One of the most common issues we find when reviewing our HE clients' safeguarding arrangements is that while their 'on-boarding' Safe Recruitment processes are well-established for both staff and students, their 'off-boarding' processes often fail to consider an important legal duty to refer certain individuals to the Disclosure and Barring Service (DBS).
The requirement to refer individuals to the DBS was introduced in 2006 in order to improve the tracking of people who may be deemed unsuitable to work with children and adults at risk. Within universities and other higher education institutions, this duty applies to both staff (including volunteers) and students involved in “regulated activity”.
The duty, alongside a range of other recommendations, was intended to address the safe recruitment process flaws identified by the Soham murder inquiry – the Bichard Inquiry - which highlighted Ian Huntley’s ability to secure a school caretaker role despite numerous historical allegations of sexual offences against children in his native Humberside.
Supporting higher education institutions with their legal duty
The surveys we conduct as part of our service reviews - which test levels of awareness across several key areas of safeguarding - repeatedly show a lack of knowledge about this legal duty, even among employees involved in managing staff and student disciplinary procedures, including Fitness to Practise processes.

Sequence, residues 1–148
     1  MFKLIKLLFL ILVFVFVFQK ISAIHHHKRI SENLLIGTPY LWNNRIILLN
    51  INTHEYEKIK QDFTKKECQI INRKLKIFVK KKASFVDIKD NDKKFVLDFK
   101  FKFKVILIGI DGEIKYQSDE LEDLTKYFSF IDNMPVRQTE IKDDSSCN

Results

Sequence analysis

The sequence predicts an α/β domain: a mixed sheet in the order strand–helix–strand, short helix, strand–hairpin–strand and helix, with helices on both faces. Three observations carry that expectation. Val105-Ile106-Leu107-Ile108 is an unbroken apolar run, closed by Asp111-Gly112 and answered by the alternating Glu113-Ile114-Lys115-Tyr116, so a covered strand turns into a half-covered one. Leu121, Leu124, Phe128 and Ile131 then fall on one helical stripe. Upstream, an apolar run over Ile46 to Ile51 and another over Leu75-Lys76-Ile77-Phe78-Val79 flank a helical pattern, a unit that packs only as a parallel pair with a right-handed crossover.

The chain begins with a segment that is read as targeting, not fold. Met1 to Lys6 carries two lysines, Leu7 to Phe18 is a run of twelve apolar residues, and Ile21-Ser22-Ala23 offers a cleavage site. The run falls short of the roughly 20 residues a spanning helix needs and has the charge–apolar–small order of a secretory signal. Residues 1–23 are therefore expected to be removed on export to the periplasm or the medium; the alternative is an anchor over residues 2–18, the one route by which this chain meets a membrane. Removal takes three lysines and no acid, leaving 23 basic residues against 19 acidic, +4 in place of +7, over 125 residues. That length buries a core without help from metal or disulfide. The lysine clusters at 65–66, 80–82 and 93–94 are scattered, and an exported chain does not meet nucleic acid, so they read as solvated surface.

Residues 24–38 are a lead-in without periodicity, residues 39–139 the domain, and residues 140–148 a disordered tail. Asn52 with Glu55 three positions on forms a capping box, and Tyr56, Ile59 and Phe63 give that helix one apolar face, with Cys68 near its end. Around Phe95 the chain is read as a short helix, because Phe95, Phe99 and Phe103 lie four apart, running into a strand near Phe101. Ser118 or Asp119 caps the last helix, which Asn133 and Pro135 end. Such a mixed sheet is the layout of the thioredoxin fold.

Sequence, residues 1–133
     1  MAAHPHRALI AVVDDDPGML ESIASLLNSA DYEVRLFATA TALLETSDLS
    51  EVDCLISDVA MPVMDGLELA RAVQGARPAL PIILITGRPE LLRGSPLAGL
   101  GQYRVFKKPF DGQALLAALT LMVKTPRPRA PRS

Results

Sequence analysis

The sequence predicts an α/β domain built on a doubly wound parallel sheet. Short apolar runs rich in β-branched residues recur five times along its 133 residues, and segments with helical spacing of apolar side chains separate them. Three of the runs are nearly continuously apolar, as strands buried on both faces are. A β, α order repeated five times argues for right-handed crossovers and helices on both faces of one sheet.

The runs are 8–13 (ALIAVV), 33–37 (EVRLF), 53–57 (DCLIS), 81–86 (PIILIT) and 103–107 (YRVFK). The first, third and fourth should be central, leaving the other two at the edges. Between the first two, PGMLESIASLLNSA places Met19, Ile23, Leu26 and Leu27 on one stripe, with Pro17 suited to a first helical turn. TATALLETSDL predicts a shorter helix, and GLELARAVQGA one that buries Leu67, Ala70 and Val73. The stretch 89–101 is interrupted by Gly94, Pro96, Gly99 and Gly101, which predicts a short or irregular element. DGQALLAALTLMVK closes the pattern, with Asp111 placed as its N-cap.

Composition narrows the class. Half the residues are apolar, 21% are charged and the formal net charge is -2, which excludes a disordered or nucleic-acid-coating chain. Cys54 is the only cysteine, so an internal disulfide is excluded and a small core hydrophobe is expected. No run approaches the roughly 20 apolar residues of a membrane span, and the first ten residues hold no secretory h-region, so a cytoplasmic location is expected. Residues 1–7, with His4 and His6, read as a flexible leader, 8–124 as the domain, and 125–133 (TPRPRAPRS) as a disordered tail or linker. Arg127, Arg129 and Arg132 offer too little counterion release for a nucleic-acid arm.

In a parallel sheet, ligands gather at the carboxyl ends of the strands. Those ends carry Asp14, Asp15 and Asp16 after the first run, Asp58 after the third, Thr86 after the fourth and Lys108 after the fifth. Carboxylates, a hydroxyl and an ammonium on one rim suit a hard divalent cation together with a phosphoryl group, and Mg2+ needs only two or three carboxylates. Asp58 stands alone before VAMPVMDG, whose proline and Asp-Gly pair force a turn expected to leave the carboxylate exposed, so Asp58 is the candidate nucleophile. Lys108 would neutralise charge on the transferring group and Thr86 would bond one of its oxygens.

As a result, we’ve produced a short Good Practice Guide for HEIs which gives an overview of the duty, the circumstances which should lead you to consider a referral, signposts to further information and shares our recommendations on the next steps you can take to improve your compliance with the duty.
To access our PDF Good Practice Guide on this specific aspect of safeguarding practice, use the link below:
An accessible version of this guide is also available below:
If you would prefer, you can also receive an email that includes a link to the PDF guide:
Exploring the definition of safeguarding
As well as this good practice guide, we also delivered an online discussion event titled “Defining safeguarding in higher education” on Wednesday 26th July. It was introduced and facilitated by specialist trainer and consultant, Susan O’Donnell, and was an opportunity to explore and share experiences of how safeguarding should dovetail with other key aspects of the work of an HEI. A briefing note created following the event is now available, summarising the key information from the event and including some of observations from those that participated in the discussion is now available.
Looking for further support?
We have an upcoming half-day online ticketed event - Safeguarding for student-facing staff in higher education - on Wednesday 13th March 2024. This condensed session focuses on identifying safeguarding concerns when working with students and responding appropriately within higher education's legal and regulatory context. This course is on a par with Level 2 safeguarding courses, when compared to the 'Level' accreditation that applies in Healthcare settings, and covers both U18s and Adults at Risk within the context of HE.
We also offer this session as a ready-to-run training, delivered at a time that works for you and your cohort - see our Ready-to-Run Training page for more information.